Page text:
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Anal Chem. 2019 May 7;91(9):6296-6303. doi: 10.1021/acs.analchem.9b01064. Epub 2019 Apr 15.

Rapid Antibiotic Susceptibility Testing of Pathogenic Bacteria Using Heavy-Water-Labeled Single-Cell Raman Spectroscopy in Clinical Samples.

Yang K1,2, Li HZ1,2, Zhu X3, Su JQ1, Ren B4, Zhu YG1,5, Cui L1.

Author information

1
Key Lab of Urban Environment and Health , Institute of Urban Environment, Chinese Academy of Sciences , Xiamen 361021 , China.
2
University of Chinese Academy of Sciences , 19A Yuquan Road , Beijing 100049 , China.
3
The Second Affiliated Hospital of Xiamen Medical College , Xiamen 361021 , China.
4
Department of Chemistry , Xiamen University , Xiamen 361005 , China.
5
State Key Laboratory of Urban and Regional Ecology , Research Center for Eco-Environmental Sciences, Chinese Academy of Sciences , Beijing 100085 , China.

Abstract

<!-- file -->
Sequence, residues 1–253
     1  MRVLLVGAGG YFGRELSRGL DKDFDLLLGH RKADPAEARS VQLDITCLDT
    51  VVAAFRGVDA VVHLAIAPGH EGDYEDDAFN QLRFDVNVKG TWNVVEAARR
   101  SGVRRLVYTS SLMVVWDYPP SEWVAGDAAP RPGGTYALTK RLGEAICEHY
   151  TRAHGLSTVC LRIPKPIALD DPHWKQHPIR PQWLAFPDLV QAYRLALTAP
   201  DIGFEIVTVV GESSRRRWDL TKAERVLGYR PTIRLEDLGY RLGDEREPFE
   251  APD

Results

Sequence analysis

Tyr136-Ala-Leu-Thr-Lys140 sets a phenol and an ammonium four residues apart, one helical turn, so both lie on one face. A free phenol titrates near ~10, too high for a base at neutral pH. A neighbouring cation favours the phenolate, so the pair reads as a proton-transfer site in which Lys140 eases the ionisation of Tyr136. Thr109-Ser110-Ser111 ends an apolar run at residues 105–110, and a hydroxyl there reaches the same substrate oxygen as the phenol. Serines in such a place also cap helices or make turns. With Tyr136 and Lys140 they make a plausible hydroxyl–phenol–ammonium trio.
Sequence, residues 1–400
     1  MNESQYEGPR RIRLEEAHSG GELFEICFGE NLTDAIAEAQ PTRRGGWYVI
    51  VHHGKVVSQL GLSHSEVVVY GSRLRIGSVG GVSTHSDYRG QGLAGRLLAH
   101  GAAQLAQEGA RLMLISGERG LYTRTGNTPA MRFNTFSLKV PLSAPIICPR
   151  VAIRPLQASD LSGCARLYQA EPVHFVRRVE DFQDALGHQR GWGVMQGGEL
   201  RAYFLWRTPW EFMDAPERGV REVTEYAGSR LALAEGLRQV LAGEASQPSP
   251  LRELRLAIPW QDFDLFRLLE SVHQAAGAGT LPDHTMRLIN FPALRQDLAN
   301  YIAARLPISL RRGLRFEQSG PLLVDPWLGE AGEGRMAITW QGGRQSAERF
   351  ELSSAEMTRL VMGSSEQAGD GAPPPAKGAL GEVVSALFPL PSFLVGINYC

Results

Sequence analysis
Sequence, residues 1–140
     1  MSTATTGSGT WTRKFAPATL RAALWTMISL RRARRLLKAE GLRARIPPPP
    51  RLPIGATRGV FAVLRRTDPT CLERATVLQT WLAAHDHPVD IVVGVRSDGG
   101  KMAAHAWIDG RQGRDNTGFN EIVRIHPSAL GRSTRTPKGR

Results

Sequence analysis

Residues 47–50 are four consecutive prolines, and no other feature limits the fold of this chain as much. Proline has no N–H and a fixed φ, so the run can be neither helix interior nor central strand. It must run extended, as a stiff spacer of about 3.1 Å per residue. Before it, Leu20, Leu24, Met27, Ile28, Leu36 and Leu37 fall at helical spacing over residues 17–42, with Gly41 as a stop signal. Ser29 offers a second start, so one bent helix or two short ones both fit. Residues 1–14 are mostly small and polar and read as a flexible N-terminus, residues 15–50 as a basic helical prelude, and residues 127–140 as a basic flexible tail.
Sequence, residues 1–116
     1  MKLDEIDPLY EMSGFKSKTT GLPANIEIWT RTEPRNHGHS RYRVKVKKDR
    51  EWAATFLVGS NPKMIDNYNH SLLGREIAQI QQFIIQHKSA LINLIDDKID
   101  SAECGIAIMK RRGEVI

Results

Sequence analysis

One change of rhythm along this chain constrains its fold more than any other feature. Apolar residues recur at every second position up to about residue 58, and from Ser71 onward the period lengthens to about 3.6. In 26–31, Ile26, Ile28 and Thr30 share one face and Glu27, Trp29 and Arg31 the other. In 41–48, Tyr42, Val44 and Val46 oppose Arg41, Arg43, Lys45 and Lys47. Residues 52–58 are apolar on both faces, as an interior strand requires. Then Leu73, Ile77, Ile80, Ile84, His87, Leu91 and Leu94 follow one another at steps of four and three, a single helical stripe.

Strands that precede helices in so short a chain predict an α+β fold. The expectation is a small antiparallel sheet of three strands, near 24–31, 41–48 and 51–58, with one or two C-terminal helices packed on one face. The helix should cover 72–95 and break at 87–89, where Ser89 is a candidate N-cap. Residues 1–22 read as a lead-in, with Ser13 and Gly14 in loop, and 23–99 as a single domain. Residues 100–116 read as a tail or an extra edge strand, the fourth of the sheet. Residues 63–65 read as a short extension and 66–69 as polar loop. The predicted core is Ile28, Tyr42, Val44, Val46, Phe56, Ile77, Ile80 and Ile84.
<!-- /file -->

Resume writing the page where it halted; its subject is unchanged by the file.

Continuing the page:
Speeding up antibiotic susceptibility testing (AST) is urgently needed in clincial settings to guide fast and tailored antibiotic prescription before treatment. It remains a big challenge to achieve a sample-to-AST answer within a half working day directly from a clinical sample. Here we develop single-cell Raman spectroscopy coupled with heavy water labeling (Raman-D2O) as a rapid activity-based AST approach directly applicable for clinical urine samples. By rapidly transferring (15 min) bacteria in clinical urine for AST, the total assay time from receiving urine to binary susceptibility/resistance (S/R) readout was shortened to only 2.5 h. Moreover, by overcoming the nonsynchronous responses between microbial activity and microbial growth, together with setting a new S/R cutoff value based on relative C-D ratios, S/R of both pathogenic isolates and three clinical urines against antibiotics of different action mechanisms determined by Raman-D2O were all consistent with the slow standard AST assay used in clincial settings. This work promotes clinical practicability and faciliates antibiotic stewardship.

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